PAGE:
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Dan Palmer Becomes First Australian Rugby Union Star To Come Out As Gay

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Dan Palmer, a former pro rugby player who played for the Wallabies, Australia’s national team, has come out as gay via a heartfelt piece in the Sydney Morning Herald.

32-year-old Palmer wrote of his angst at hiding his sexuality that led to drug abuse and mental health issues. Palmer described crying himself to sleep and contemplating suicide.

“I was incredibly frustrated, angry and desperately sad. I despised myself and the life I was living. I was trapped in a false narrative and could see no way out,” he wrote. “Most nights, I cried myself to sleep and routinely numbed myself with a heavy cocktail of opioids.

“I fantasised about disappearing, changing my name and starting my life all over again. It is not an exaggeration to say my own death felt preferable to anybody discovering I was gay.”

After years of emotional turmoil, Palmer said he was partly prompted to come out in response to “the ignorance of Israel Folau”.

Last year, Folau launched a $14 million wrongful dismissal lawsuit against Rugby Australia, after the sporting body sacked him following a homophobic Instagram post.

The comments by Folau led Palmer to think about the impact they had on other young, gay rugby players.  

“Although it wasn’t the primary impetus for me doing this, the longer the Folau saga dragged on, the more I felt a responsibility to say something,” Palmer said.

“To me, what is more important than the damage he has caused rugby is the deep impact he has undoubtedly had on kids who looked up to him, and who struggle every day with understanding their sexuality.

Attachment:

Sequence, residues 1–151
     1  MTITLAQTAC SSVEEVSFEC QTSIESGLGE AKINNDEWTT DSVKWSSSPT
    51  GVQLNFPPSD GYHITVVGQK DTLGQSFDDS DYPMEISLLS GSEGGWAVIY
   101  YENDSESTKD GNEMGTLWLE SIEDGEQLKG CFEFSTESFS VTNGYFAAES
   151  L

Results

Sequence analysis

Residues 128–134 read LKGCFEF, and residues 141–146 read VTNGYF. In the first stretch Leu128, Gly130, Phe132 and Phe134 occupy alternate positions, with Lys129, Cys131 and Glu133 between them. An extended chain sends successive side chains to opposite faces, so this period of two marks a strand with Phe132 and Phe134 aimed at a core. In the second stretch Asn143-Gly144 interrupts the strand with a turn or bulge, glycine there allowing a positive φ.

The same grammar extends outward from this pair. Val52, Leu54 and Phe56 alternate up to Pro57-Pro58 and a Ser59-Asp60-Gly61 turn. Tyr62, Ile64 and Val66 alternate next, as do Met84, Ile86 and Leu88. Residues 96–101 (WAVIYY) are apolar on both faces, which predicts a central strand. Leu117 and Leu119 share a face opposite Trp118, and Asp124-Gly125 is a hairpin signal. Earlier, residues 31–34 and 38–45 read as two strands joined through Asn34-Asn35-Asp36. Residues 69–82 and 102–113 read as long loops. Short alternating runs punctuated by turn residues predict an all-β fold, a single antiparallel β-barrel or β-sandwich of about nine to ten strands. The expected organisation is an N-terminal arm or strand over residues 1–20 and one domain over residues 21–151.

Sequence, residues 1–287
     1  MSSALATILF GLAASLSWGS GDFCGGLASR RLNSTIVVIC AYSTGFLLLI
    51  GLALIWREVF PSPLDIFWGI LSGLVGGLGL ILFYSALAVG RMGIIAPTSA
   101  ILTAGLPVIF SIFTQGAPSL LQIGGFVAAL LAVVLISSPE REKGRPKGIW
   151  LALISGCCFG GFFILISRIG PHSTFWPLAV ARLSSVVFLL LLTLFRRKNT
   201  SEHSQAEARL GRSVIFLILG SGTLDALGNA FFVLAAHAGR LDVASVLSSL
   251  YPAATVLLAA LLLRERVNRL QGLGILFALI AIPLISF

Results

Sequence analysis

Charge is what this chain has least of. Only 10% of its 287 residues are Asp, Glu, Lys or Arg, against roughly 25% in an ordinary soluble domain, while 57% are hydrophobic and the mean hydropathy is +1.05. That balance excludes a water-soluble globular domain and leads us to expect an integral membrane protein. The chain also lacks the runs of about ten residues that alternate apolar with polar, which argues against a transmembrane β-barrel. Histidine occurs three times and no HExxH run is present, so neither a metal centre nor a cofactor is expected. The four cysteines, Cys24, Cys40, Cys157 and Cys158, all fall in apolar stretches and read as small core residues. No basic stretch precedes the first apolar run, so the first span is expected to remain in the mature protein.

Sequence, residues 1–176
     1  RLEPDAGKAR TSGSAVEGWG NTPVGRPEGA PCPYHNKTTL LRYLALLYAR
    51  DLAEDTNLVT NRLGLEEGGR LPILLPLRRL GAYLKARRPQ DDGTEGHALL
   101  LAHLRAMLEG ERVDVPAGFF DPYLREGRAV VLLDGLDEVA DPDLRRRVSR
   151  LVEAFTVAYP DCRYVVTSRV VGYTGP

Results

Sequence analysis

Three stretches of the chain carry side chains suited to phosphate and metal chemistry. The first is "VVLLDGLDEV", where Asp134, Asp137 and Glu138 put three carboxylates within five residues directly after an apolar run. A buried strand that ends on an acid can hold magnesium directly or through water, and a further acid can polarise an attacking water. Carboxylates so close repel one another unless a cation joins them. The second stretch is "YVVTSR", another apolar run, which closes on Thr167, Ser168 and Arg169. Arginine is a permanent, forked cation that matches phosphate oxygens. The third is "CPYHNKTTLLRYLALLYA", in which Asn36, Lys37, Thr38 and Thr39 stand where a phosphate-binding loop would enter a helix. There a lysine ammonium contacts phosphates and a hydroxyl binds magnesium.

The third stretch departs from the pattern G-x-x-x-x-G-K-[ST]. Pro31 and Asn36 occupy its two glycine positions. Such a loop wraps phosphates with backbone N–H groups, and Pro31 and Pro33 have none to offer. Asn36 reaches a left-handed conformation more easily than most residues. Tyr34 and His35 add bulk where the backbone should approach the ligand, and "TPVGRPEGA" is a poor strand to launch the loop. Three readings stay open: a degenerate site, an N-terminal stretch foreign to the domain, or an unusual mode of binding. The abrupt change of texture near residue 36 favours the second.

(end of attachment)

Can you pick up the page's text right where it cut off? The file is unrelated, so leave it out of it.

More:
“He will never see the impact he has had on these young people, but if he could, I doubt he could live with himself,” Palmer said.

Palmer pointed out Folau’s views were not those of the majority in the sport and singled out Gareth Thomas for the trail blazing role he played.

“Although I didn’t have the strength to follow his lead at the time, the descriptions he gave of his experience resonated with me and I was inspired by what he had done,” Palmer said.

“It is a slow grind, but we need to build a culture, both in and out of sport, where people are comfortable being themselves, whatever that may be.”

Palmer concluded: “It sickens me to know that in the year 2020 there are still people torturing themselves the way I was, both in and out of sport – we need to be better.

“If this piece can prompt a conversation, make space for people to feel more comfortable being themselves, or can help someone better understand what a loved one may be going through, it will have been a success.”

LGBTIQ ally and fellow pro-rugby player, David Pocock tweeted his support for Palmer saying, he believed “sport was at its best when it’s challenging society to be more inclusive.”

Casey Conway, an out former professional rugby league player also took to Twitter to show his support describing Palmer as courageous.

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